Friday, 10 January 2020

Well, how did I get here? Luck & making your own luck



I honestly think most of the things that set us down one path or another and change our lives forever are random chance.

Take my start at university. My air force dad was transferred to Edmonton, Alberta, to take effect the summer after I finished high school at the other end of Canada, in Nova Scotia. I sent off for the engineering prospectus at the University of Alberta; they accidentally sent me medicine. I read it and found a thing called medical lab science – and hey, presto: I applied and did the first year! It didn’t last, though: as soon as I found out if I kept on the course I’d have to spend the third year in a hospital taking blood, I was out of there. I have an absolute phobia of needles, and swiftly switched to science in my favourite subject that year, microbiology. 

It’s startling - and a little embarrassing! - how many of my other major decisions weren't planned or even imagined before the moment.

Was pursuing writing and getting published any different – was it inevitable or more a combination of unexpected twists of fate?

Yes and no to both.

I loved reading and making things up as long as I can remember. When I was 17 I decided I wanted to be a writer, so the intention was there from quite a young age – but the belief wasn’t. I’d never met an author or heard one speak; nobody I knew wrote. It felt kind of like saying I wanted to win lottery: it’d be great if it happened, but how likely was it, really? I was also desperate for independence and set out to get it – studying and working at various things in Canada and then Australia: science, law, optometry. I still wrote; poetry, mostly. But it was something I did on the side, didn’t talk about much and definitely never let anybody read.

What changed? In one of those twists of fate I found myself moving from Australia to England to get married, and needed to either retrain as an optometrist - my profession at the time - or have yet another career change. What was I going to do this time? And I remembered being that 17 year old who wanted to write but never really took it seriously. At that point I decided I didn’t want to wake up one day decades later and never have tried.

And try I did. My first novel I finished in the summer of 2006. Titled Life Lists, it followed three lifelong friends and how their lives changed from what they'd been so sure of as teens, written on lists and opened when one of them died years later. It was for adult readers and In hindsight it wasn’t great – though at the time I seem to remember feeling so immensely proud at finally having finished something that surely someone would congratulate me and publish it! Alas, no. But I did get some personal comments from submissions.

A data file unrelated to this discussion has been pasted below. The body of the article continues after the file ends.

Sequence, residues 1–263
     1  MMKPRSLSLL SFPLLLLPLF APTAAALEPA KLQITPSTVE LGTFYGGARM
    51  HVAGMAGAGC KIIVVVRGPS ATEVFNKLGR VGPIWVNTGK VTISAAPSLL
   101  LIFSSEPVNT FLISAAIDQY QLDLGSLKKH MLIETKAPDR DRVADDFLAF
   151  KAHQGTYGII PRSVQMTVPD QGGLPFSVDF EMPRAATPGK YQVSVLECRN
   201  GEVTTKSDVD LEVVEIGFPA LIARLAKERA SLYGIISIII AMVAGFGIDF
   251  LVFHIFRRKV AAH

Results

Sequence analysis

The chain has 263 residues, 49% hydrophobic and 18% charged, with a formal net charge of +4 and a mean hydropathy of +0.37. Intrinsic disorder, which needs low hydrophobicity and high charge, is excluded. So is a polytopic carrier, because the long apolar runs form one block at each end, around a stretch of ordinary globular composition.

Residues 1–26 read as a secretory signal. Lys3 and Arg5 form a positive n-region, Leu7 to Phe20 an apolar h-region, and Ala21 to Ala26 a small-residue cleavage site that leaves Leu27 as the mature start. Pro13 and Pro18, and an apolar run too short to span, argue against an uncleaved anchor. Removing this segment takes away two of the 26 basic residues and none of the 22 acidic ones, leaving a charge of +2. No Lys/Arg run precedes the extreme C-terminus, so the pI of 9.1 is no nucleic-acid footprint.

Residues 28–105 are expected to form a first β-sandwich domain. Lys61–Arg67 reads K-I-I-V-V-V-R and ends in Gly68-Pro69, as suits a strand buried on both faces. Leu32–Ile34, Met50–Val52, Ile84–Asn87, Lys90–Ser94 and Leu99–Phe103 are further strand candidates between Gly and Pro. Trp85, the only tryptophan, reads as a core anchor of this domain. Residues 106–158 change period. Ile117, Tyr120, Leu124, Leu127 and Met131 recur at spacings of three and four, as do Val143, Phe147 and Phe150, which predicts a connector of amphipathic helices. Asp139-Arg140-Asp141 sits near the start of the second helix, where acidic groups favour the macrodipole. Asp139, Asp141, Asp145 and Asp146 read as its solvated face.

I carried on writing – short stories, novels – but somehow felt something wasn’t quite right. Without really understanding why, I started to fall out of love with the process.

Then, chance intervened. I got a job at Calibre audio library – a charity that does audio books for the visually impaired and dyslexics – to develop the children’s side of things. For the interview I had to convince them I knew a lot about children’s books: I didn’t. I did a crash course in libraries and bookshops and somehow got the job. And then I thought I better read some of the authors I'd been telling him I knew all about: children’s books. Something I hadn’t done in years. And I fell back in love with words, reading, writing. This was where I was meant to be. 

I started my first children’s novel on an overnight flight back from Canada. My dad there was very ill and it was an emotionally fraught time to say the least. Soon after I read about the Winchester Writer’s Conference in a writing magazine, and I think I was desperate for an escape, to do something that was just for me. Away I went! I entered that first children’s story I’d started on the overnight flight into a competition … and it won. I'd tell you what it was about but it's still in my might-rewrite-it-one-day file. 

I finished it and then started subbing it to agents and publishers using the handy Children’s Writers and Artists Yearbook, and somewhere in that book a children’s writing organisation was mentioned: the Society of Children’s Book Writers and Illustrators. I looked into it. And went off to their conference that November, in 2008.

And there I found my home. I met Candy Gourlay and loads of other children’s writers at that first conference. Other than one year when I wasn’t well I’ve been every year since, as well as to countless other events. I got a reality check or two along the way – apparently just finishing a novel that wins a prize isn’t enough to guarantee fame and fortune? And I learned and wrote and shared the good news and bad along the way.

There were all the slings and arrows of writing more novels, getting rejected, getting encouraged, getting rejected some more … and some more … and yes, you guessed it: some more. Finally, my novel Slated – the ninth I’d written and submitted – found a home with agent Caroline Sheldon and publisher Orchard books back in 2011; it was published in 2012.